Genre is a way of categorising a text through style and form. It is vital to be able to categorise texts in
this way, both for production and analysis.
While genre is more commonly applied to discussions of film, the concept can actually be applied to any media text
as a way of explaining categories and paradigms. I am going to use it here to discuss my website which I produced
for the AS portfolio. It would be simple to class the similarities and differences in websites to make them fit
into a specific genre, although Rick Altman applies this to films, it could be useful in websites, this is called the
semantic approach (1995).
Industry websites have certain genres because each industry sector has a different function and so their websites
must serve a different purpose. While most websites do function as a marketing tool it would be wrong to assume
that this was their only function. At marketingcharts.com there is a chart titled, ‘Top 10 Site Genres’ (March 2010)
and the list includes Finance, Sports & Recreation, Home and Garden and Entertainment. Email is the top site genre
closely followed by General Community.
The marketing industry is already categorising sites, presumably because it helps them sell advertising space on
these sites and genre has also been a key marketing tool for film promoters because they can connect films with big
advertisers and with audiences.
Campaign websites are easily identifiable by their paradigms. They all share a common theme which is to help
others. The iconography they use must persuade the audience that the campaign is worthwhile and motivate them
to get involved. To make this easy for the audience, they share a certain structure. My website was recognisable as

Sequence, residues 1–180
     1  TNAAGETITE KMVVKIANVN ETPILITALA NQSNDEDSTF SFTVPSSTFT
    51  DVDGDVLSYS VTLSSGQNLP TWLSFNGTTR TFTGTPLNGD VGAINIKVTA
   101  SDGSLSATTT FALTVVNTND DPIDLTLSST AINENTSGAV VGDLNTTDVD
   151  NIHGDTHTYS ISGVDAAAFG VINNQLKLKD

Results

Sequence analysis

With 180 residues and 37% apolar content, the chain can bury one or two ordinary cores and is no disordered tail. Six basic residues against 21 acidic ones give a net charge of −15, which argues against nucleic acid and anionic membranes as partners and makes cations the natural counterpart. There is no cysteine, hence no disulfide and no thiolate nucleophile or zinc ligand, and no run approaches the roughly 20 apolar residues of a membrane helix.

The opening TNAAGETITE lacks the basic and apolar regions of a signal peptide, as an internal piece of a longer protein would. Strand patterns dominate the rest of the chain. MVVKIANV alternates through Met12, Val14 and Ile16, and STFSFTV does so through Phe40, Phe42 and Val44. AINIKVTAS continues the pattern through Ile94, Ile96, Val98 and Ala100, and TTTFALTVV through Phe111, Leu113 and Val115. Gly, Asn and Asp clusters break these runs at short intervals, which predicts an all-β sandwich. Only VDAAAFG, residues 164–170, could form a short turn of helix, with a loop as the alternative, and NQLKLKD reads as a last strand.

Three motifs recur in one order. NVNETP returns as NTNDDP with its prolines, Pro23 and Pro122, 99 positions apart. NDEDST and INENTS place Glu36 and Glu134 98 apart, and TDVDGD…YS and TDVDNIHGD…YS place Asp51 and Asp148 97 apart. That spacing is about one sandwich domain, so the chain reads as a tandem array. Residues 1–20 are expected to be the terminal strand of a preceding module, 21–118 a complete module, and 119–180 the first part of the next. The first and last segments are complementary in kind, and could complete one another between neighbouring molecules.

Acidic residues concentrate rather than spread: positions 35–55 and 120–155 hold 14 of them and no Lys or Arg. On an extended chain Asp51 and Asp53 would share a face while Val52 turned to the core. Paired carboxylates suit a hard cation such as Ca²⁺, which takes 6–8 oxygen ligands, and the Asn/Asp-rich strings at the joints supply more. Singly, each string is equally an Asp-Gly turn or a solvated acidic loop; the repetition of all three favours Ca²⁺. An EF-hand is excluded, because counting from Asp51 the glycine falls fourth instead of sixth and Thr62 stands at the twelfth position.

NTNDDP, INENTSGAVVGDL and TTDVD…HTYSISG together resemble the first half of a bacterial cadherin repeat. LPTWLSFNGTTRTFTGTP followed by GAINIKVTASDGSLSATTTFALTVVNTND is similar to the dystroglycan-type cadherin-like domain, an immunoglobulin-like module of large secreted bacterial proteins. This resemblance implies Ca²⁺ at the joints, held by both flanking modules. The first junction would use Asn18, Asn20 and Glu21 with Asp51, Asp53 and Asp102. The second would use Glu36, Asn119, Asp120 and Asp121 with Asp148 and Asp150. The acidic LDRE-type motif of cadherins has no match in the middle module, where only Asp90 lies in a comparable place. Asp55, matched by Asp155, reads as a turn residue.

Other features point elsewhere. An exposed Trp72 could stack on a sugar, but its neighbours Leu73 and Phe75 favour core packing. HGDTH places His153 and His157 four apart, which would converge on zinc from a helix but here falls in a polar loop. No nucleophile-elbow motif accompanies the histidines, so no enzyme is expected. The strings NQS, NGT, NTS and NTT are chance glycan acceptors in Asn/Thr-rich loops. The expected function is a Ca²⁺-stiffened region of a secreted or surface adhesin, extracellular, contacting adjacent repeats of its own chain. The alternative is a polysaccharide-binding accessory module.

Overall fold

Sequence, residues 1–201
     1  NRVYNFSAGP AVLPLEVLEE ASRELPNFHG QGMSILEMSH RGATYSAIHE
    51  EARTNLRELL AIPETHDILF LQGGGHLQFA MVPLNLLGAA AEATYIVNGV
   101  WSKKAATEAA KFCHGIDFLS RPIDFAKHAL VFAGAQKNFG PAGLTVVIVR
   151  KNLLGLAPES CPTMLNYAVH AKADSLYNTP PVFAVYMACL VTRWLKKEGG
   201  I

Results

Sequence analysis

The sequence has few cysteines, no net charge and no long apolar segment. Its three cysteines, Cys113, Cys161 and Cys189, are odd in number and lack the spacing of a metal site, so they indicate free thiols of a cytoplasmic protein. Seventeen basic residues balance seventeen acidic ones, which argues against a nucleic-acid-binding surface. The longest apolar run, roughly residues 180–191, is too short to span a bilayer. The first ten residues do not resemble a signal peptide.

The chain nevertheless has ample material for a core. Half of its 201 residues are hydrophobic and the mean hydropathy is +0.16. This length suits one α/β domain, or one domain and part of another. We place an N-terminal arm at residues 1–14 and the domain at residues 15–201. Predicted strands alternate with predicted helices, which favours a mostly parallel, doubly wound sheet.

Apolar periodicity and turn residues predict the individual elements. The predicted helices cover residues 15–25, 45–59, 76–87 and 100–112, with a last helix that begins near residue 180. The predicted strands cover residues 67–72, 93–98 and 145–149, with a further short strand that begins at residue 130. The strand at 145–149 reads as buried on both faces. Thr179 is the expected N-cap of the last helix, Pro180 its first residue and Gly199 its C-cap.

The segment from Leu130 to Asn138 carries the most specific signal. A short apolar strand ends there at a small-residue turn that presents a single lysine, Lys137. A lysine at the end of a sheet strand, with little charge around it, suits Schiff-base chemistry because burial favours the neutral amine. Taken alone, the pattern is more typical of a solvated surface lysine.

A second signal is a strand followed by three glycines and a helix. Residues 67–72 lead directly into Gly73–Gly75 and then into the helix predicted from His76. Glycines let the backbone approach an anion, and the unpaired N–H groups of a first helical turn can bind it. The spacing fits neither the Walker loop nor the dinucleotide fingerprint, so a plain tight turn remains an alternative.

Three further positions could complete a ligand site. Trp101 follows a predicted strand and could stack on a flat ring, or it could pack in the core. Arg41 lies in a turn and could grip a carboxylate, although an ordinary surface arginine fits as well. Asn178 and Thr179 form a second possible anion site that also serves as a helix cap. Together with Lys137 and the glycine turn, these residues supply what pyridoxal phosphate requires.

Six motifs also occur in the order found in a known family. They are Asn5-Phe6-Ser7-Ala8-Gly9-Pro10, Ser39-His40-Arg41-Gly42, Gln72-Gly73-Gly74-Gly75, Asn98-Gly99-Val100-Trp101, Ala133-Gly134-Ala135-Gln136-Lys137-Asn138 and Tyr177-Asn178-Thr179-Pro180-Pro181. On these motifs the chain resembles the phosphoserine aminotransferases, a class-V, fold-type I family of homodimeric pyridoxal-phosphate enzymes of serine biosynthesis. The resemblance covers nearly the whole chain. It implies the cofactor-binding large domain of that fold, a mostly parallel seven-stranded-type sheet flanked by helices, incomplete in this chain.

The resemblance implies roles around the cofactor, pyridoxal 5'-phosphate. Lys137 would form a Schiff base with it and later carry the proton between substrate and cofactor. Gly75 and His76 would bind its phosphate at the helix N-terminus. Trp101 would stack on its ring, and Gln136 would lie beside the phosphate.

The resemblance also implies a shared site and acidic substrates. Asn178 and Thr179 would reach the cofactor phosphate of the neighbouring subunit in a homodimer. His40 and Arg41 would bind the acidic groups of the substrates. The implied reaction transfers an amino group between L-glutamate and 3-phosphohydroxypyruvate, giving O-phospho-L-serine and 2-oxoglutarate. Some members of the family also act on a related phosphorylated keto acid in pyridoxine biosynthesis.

we used an attractive colour scheme to the eye, to catch the readers attention and to make them aware of what we
are trying to achieve with this campaign website. We also used images of young happy children to show what the
the money the audience give will do to these children to make their lives much better than it already is and to make
them happy. We also had a video on the homepage of our site which shows a young girl happily playing on a swing
in the garden laughing and smiling, we hoped this would motivate people to donate money.
From my home page audiences can navigate to the events page and there they can see photos of young children
who we have helped, and different fundraising events we have done. In addition to the images audiences can see
persuasive language and key verbs such as ‘donate’ ‘help’ ‘support’ which are all expected in this genre.
The structure of my website is recognisable because it has a ‘safe’ three-column structure and has all the links a
campaign site needs to promote and to enable the audience to get involved or donate. On every page we have a big
red button with 'donate here' in capitals written on it, to persuade the audience to click on it and donate.
Audiences like site genres because it helps them navigate sites quickly. They expect a site in a particular genre to
contain certain and recognisable paradigms. For young people, the assessment of the site may also be based on how
inventively the genre paradigms are used.
The concept of genre is therefore applicable to websites and it is already extremely important to both the Institutions
their audiences. Both are given a sense of safety by genre. The institutions have financial safety knowing they are
investing money on a format that already works. For site visitors, the safety is of having their expectations of the
navigation experience met by the site they choose to visit.